Well, it’s been about 50 years, and we still don’t have watchband communicators. Heck, my cell phone still loses signal in parts of the San Francisco Bay Area, supposedly the hotbed of technology for the world! However, thanks to New York-based Technotunes, Inc., we do have a watchband music player. The company offers a MP3-playing watch. I must admit, when I first heard the concept, it sounded a little on the janky side of the street. I may have judged too soon.
When we opened the packaging, we were nicely surprised to see the high quality of the materials, and the size of the watch itself. I think our expectations were a cheap overseas design with a standard cardboard box, no manual whatsoever, and pleather. Instead, the box looks good, and all the components are worthy of a $199 watch. Nice.
Now we naturally ignored the manual, and went straight to the task of trying to listen to our music. We pulled out the USB cable, and noticed right away the unique (or unique to us, I should say) adapter which appears to convert USB to… headphone! I plugged the cable into my laptop, and two things happened: (1) a light on the watch lit up, and (2) my PC automatically recognized a new USB drive. Both were fantastic news, let me tell you why.
The light on the watch lit up to inform me that the watch was charging over USB. I love this. To all product developers out there: if you make a portable gadget with USB support, it should be chargeable by USB! There is nothing I hate more than carrying extra power adapters on business trips, and if I’m going to have a watch that needs recharging, the LAST thing I want to have to do is remember my charger!
The fact that Windows was able to communicate with the watch as a USB drive meant that not only did I not need to install any special drivers or software, but I can simply drag and drop the MP3 files I want straight to the watch. Which is exactly what I did, and even though the device used the older USB 1.1 technology (which means a much slower transfer rate), filling 256MB with music was quick enough for me.
Well, it’s time to listen to some watch-music, so our good friend Ron has returned, sans lighter fluid (he likes fire). First Ron connected the supplied headphones, using the same plug on the watch that we connected the USB cable to before. This clever design is part of why we like the TechnOTunes product so much – most devices these days have so many inputs and outputs they’re like swiss cheese. This is how consumer electronics, gadgets or not, should be, clean and simple. To add some icing to this cake, the watch automatically recognized the fact that Ron had connected the headphones. He pushed the play button, and out came beautiful, compressed, music.Just look at the happy fella.
Next, Ron stands up to see what the “walking around, listening to my watch” experience is like. The retractable cable (again, a nice touch) wasn’t quite convenient to Ron’s tall frame, so we tried the old under-the-shirt technique. This definitely worked a lot better, but was not extremely convenient. But that’s why we brought out some other listening devices.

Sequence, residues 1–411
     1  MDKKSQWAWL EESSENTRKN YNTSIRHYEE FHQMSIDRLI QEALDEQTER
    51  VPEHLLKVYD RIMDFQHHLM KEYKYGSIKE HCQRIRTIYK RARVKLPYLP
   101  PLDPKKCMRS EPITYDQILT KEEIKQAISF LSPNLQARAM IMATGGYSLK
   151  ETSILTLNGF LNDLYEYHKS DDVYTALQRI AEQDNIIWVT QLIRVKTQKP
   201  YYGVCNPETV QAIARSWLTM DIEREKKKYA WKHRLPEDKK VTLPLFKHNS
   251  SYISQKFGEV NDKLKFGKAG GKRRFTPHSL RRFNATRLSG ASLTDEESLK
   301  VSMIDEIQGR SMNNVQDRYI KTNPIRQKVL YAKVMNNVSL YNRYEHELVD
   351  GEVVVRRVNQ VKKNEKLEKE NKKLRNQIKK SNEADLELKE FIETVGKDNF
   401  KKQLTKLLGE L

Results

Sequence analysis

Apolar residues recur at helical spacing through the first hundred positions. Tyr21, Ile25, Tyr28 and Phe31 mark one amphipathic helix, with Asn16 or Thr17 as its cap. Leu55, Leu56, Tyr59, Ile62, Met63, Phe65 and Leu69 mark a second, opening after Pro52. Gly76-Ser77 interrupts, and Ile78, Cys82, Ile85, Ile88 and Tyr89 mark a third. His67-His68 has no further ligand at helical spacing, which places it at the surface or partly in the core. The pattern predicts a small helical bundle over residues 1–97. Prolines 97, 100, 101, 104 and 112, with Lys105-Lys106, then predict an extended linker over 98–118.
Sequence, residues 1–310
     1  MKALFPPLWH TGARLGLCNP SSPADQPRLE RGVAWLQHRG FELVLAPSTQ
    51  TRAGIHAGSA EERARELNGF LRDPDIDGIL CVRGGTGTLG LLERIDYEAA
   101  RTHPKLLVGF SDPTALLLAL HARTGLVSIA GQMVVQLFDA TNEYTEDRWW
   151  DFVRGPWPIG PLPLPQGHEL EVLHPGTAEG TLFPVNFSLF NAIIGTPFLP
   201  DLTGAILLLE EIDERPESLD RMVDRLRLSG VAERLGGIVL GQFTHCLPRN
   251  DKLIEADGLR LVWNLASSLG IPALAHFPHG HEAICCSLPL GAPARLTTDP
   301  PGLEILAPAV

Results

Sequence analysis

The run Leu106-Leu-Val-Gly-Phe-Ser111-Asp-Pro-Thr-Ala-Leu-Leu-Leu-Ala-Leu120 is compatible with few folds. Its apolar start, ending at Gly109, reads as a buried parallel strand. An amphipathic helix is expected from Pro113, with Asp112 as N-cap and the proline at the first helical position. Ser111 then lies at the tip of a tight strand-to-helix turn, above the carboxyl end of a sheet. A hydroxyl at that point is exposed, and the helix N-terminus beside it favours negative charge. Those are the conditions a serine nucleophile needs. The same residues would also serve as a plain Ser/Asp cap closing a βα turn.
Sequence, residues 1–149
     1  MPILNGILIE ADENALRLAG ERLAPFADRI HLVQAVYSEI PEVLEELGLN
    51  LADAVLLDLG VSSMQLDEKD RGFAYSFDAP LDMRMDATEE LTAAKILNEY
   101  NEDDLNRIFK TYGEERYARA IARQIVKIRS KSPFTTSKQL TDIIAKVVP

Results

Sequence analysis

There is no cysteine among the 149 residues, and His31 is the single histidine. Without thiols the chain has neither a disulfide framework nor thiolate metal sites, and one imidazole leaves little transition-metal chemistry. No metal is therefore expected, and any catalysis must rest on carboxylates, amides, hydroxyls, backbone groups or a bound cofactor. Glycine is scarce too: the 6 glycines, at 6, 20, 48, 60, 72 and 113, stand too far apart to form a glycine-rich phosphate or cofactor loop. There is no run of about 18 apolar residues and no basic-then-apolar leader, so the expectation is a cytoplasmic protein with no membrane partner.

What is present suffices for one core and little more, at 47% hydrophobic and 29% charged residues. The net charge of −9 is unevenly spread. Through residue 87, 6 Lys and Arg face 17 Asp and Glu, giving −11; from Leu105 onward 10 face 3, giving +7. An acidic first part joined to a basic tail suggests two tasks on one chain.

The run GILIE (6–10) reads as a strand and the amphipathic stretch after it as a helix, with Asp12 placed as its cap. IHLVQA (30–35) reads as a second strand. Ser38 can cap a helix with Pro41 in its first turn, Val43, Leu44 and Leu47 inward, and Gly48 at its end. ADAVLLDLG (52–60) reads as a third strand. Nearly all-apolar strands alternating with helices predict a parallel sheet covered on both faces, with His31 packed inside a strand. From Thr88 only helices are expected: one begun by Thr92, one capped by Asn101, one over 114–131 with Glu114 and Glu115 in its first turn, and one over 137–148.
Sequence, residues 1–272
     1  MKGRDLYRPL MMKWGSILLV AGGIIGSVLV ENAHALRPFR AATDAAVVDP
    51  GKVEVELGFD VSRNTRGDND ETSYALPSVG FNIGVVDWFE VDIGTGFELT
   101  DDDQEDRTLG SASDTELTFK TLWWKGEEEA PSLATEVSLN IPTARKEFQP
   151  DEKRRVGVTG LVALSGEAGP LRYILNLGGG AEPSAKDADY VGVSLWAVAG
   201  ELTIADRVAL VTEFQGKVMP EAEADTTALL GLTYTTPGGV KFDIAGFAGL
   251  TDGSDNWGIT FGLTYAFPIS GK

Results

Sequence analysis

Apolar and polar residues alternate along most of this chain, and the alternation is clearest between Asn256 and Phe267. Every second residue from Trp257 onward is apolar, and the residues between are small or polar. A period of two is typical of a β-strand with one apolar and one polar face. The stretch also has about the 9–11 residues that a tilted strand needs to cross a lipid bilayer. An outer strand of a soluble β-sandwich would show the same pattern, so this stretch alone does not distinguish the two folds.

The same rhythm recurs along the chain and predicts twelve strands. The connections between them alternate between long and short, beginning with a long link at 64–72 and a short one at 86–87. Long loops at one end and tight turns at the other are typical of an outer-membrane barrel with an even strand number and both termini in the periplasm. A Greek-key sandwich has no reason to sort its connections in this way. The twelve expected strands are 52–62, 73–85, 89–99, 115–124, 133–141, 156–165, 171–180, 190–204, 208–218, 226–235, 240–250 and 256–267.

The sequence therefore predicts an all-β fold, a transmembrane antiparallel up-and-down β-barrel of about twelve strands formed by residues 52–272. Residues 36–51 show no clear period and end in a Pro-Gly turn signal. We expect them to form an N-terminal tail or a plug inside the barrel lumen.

First up, a pair of Shure e2c headphones (our review is forthcoming) are connected to the TechnOTunes watch. As we hoped, sound quality was about what a typical MP3 player sounds like. In all fairness, my multi-hundred dollar Rio Karma sounds better with the Shure’s, but since the Karma is considered the top-of-the-line for audio quality, this isn’t a fair comparison. I think it’s fair to say you won’t be disappointed with the sound quality.
Next test: the Klipsch ProMedia Ultra 2.0 powered computer speakers (review also coming shortly). First off, these are about the best PC speakers you can buy right now, we love them, they are amazing (you can buy them here). We hooked these bad boys up to the TechnOTunes watch, and it was a party in the apartment.
Finally, and most difficult of all, we used a headphone to RCA adapter, and connected the watch to my home stereo. As a preface, it is very very hard to make any compressed music sound good coming out of a decent stereo system. I typically use the digital audio outputs from my laptop if I really want any PC-based music. I found the watch sounded a little bit hollow when hooked up in this environment, but that’s about what I expected as well. Not fair, not nice, but we wanted to be thorough.
As we’ve said before, too much convergence is not a good thing. My laundry machine does not need to play MP3s. My cell phone doesn’t either, unless it does a really good job of it, and stops dropping calls. As for a watch? I honestly don’t know. But I do know this, if there is an example of doing it right, the TechnOTunes MP3 Watch is it.
Packaging and product design is very nicely done. In fact, they have three different models, each aesthetically designed and offered in multiple colors. The unit we tried has no display or user interface, but Apple, the king of MP3 players, has recently declared this to be a good thing. Because time is random.
We expected a huge house-watch, and instead got something with a nice form factor. The clever use of a single port for USB connectivity as well as headphones is one of the smartest things we’ve seen anyone do with a digital device in a long time.
Personally, I would probably be happy enough with a watch-based USB drive! Even if I didn’t use the music features, not having to carry an extra USB memory stick around is a great idea. The TechnOTunes watch does a good job in the drive to convergence. Convergence should mean something very simple: by combining the devices I normally carry into a single device, my life gets better. Most other devices seem to make my life worse.